Article
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We study the sedimentary record of past tsunamis along the coastal area west of Alexandria (NW Egypt) taking into account the occurrence of major historical earthquakes in the eastern Mediterranean. The two selected sites at Kefr Saber (~ 32-km west of Marsa-Matrouh city) and ~ 10 km northwest of El Alamein village are coastal lagoons protected by 2 to 20-m-high dunes parallel to the shoreline. Field data were collected by: (1) Coastal geomorphology along estuaries, wedge-protected and dune-protected lagoons, and (2) identification of paleotsunamis deposits and their spatial distribution using five trenches (1.5-m-depth) at Kefr Saber and twelve cores (1 to 2.5-m-depth) at El Alamein. Detailed logging of sedimentary sections were analysed using X rays, grain size and sorting, total organic and inorganic matter, bulk mineralogy, magnetic susceptibility and radiocarbon dating necessary for the identification of past tsunamis records. Generally of low energy, the stratigraphic succession made of marine and alluvial deposits includes intercalated high-energy deposits made of mixed fine and coarse sand with broken shells, interpreted as catastrophic layers correlated with tsunami deposits. Although the radiocarbon dating of 46 samples consist in mixed old (> 13 000 year BP) and young (
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We present the NEOM Brine Pools, the first complex of brine pools discovered in the Gulf of Aqaba. The discovery was made at 1,770 m water depth and consists of one large pool (10,000 m ² ) flanked by three minor ones (<10 m ² ). Situated immediately at the toe-of-slope, the largest of the NEOM brine pools episodically receives terrestrial outwash from the Saudi coastal plain. A transect of cores through this pool’s bed reveals a stratigraphy spanning the last 1,200 yrs. Major terrestrial inputs to the basin are recorded once per century, which we attribute to tsunami. Turbidite beds, meanwhile, deposit every 25 yrs. and likely record both flashfloods and the pervasive seismicity of the Aragonese Deep, the pull-apart basin in which the pools situate. Such signals are exquisitely preserved beneath the pools as bioturbating organisms cannot occupy the harsh hypersaline, anoxic brine. These observations extend the known geographical range of Red Sea brine pools, introduce a new sediment archive of event horizons, and document a new bathyal ecosystem in the Gulf of Aqaba; ultimately providing a range of significant data that will contribute to the reconstruction of more than one millennium of preserved turbidites, flashfloods, and tsunami sedimentary deposits.
Article
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Crustal deformation and seismic activity in the Levant is mainly related to the interplate Dead Sea Fault (DSF) and the intraplate Carmel-Gilboa Fault System (CGFS). In this study, we analyze the interseismic deformation along these fault systems using 23 years of GPS measurements obtained from 209 campaign and 60 continuous stations. This GPS dataset is the longest record and the densest dataset for the DSF, the CGFS and the Levant region. We use this dataset to investigate the spatial variations of slip and creep rates along the southern and central sections of the DSF and the CGFS. Our inversion model results indicate that part of the tectonic motion is transferred from the DSF to the CGFS. We find that the left-lateral strike-slip motion along the DSF decreases in a rate of 0.9±0.4 mm/yr, from 4.8±0.3 mm/yr south to the intersection with the CGFS, to 3.9±0.4 mm/yr north to this intersection. Along the CGFS the left-lateral strike-slip motion ranges between ~0.3-0.5 mm/yr and the extension rate between ~0.6-0.7 mm/yr, indicating a total slip rate vector of 0.8±0.4 mm/yr in the DSF direction, in agreement with the reduction of slip rate along the DSF near the intersection with the CGFS. Shallow creep is found along the southern and central sections of the Dead Sea basin and the northern Jordan Valley section of the DSF, with creep rates of 3.4±0.4 and 2.3±0.4 mm/yr, respectively. These creeping sections were identified as areas with thick Halite layers at the shallow subsurface. We suggest that shallow creep behavior along the DSF is govern by the presence and mechanical properties of the Halite, which probably allows plastic deformation and the transition to velocity strengthening at the shallow subsurface and promotes creep.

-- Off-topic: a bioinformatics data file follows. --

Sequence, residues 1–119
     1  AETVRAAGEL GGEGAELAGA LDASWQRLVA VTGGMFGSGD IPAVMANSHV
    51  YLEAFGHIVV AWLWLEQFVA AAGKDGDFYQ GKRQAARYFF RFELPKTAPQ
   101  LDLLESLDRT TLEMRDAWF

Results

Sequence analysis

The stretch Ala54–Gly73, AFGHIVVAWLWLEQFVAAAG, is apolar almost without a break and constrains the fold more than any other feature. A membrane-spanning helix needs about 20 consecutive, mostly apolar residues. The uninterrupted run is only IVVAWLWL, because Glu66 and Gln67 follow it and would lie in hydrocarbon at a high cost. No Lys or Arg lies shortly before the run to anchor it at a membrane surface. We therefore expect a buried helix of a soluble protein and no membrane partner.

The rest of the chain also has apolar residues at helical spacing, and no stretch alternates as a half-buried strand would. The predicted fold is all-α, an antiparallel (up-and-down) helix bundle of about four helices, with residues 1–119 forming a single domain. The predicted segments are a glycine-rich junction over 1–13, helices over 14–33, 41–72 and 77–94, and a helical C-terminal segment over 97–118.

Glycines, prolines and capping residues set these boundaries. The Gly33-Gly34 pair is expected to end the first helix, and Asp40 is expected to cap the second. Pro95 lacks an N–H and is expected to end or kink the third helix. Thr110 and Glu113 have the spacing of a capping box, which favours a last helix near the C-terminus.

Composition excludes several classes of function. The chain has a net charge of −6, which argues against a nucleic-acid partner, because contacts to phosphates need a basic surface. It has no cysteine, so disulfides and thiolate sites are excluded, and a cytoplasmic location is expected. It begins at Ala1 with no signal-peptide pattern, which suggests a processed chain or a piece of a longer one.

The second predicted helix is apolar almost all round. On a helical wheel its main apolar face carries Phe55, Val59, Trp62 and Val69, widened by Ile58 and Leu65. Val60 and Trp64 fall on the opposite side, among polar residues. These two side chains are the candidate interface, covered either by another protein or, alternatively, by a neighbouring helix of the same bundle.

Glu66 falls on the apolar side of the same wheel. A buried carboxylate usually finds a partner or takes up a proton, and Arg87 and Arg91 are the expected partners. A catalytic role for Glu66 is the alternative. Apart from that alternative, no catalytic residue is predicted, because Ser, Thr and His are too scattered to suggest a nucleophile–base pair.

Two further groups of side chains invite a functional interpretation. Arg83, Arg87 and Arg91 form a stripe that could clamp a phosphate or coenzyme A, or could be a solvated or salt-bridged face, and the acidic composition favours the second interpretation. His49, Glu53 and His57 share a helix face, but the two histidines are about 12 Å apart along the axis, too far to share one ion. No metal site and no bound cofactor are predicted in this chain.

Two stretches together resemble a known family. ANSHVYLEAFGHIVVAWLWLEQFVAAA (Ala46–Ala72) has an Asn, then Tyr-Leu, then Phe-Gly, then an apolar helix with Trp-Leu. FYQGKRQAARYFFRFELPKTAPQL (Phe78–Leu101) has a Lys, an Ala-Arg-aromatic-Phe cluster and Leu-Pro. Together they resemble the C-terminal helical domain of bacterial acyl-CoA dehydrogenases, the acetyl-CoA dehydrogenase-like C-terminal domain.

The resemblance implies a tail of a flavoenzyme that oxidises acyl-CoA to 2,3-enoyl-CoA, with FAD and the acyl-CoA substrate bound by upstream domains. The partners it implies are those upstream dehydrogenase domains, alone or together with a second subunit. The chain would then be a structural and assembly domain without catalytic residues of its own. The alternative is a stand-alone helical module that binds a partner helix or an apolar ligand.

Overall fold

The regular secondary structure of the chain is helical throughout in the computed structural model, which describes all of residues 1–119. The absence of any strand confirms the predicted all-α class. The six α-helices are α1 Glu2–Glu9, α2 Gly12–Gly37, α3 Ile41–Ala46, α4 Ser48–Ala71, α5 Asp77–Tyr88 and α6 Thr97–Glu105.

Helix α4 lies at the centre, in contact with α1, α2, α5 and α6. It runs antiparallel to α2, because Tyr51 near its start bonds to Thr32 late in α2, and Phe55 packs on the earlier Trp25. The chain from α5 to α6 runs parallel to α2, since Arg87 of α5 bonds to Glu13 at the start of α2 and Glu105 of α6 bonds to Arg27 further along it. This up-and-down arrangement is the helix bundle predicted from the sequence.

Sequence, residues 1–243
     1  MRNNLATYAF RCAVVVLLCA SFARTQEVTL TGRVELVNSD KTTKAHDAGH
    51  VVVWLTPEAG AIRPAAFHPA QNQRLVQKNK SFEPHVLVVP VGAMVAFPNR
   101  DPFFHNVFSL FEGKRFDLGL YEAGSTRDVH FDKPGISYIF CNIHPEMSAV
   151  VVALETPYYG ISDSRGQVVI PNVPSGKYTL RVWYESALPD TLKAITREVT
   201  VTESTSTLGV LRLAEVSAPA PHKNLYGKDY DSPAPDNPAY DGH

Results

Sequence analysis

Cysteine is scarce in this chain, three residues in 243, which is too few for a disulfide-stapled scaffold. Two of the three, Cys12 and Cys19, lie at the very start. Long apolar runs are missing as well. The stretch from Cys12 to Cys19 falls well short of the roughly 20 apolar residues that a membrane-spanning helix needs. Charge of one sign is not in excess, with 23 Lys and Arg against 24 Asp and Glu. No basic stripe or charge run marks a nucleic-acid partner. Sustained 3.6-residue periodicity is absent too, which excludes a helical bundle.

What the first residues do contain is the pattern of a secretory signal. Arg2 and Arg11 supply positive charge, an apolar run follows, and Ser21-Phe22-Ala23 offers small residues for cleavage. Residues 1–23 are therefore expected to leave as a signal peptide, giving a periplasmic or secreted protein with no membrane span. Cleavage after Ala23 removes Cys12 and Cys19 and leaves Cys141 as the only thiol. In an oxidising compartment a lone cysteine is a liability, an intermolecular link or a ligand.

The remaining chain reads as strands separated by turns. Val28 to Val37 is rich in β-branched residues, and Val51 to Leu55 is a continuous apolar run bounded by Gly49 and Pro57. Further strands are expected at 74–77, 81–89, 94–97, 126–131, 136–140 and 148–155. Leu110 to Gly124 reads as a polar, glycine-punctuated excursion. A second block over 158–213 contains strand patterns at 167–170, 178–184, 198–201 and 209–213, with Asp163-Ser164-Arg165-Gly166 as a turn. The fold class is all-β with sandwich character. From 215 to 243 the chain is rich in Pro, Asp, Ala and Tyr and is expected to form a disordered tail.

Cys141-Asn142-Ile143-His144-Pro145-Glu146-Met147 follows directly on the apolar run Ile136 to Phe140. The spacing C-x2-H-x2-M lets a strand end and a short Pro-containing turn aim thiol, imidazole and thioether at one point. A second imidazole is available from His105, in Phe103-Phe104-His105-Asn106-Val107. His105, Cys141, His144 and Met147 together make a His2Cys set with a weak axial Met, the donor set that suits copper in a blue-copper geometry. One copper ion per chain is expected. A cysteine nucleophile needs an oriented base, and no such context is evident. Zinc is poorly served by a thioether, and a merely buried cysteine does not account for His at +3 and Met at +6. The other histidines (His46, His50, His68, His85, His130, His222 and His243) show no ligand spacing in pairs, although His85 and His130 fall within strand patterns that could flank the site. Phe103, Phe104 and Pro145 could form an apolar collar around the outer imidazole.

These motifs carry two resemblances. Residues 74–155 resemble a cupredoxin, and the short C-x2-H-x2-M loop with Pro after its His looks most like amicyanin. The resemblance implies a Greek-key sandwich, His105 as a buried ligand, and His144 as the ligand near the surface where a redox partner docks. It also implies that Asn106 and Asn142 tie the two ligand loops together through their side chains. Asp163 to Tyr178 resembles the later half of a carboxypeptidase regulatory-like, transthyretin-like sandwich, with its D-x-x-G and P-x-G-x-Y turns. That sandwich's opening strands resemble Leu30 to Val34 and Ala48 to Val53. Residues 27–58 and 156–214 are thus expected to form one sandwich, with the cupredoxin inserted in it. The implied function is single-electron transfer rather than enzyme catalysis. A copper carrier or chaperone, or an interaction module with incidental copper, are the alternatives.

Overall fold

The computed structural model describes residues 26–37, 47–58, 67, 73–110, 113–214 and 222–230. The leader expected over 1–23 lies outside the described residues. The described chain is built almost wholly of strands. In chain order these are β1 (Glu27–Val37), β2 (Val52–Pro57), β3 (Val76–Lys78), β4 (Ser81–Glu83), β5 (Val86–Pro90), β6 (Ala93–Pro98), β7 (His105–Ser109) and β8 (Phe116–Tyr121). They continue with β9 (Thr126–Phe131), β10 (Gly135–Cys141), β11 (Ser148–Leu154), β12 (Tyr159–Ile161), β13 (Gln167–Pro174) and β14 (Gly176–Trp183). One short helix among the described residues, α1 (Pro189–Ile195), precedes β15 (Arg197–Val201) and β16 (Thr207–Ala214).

Article
The results of multidisciplinary research carried out on the Byzantine Stylite Tower in Umm ar-Rasas archaeological site (Jordan) are presented in this paper. The study is grounded on the precarious structural conditions of the tower, assessed by UNESCO since 2008. In 2019, during an archaeological campaign, an aerial photogrammetry survey was performed, allowing for the creation of a detailed 3D model of the tower. This new dataset was compared with existing Geomatics surveys (collected in 2016 with Terrestrial Laser Scanner) within a common reference system, showing that the tower leans dangerously in the northwest direction. With the combined use of the photogrammetric and historical investigations data, the structural vulnerability of the building was analysed in-depth. Starting from the new point cloud dataset, a multi-step geometrical modelling strategy was performed to define the structural model based on the actual geometry of the tower. 3D documentation with aerial photogrammetry made it possible, for the first time, to account for the actual 3D geometry of the upper cell in the structural analysis of the tower. Several possible out-of-plane mechanisms involving the upper cell walls and portions of the tower façades were analysed via kinematic analysis using the floor response spectra. The study revealed a new critical and risky scenario, which suggests a prompt intervention for the safe conservation of the tower.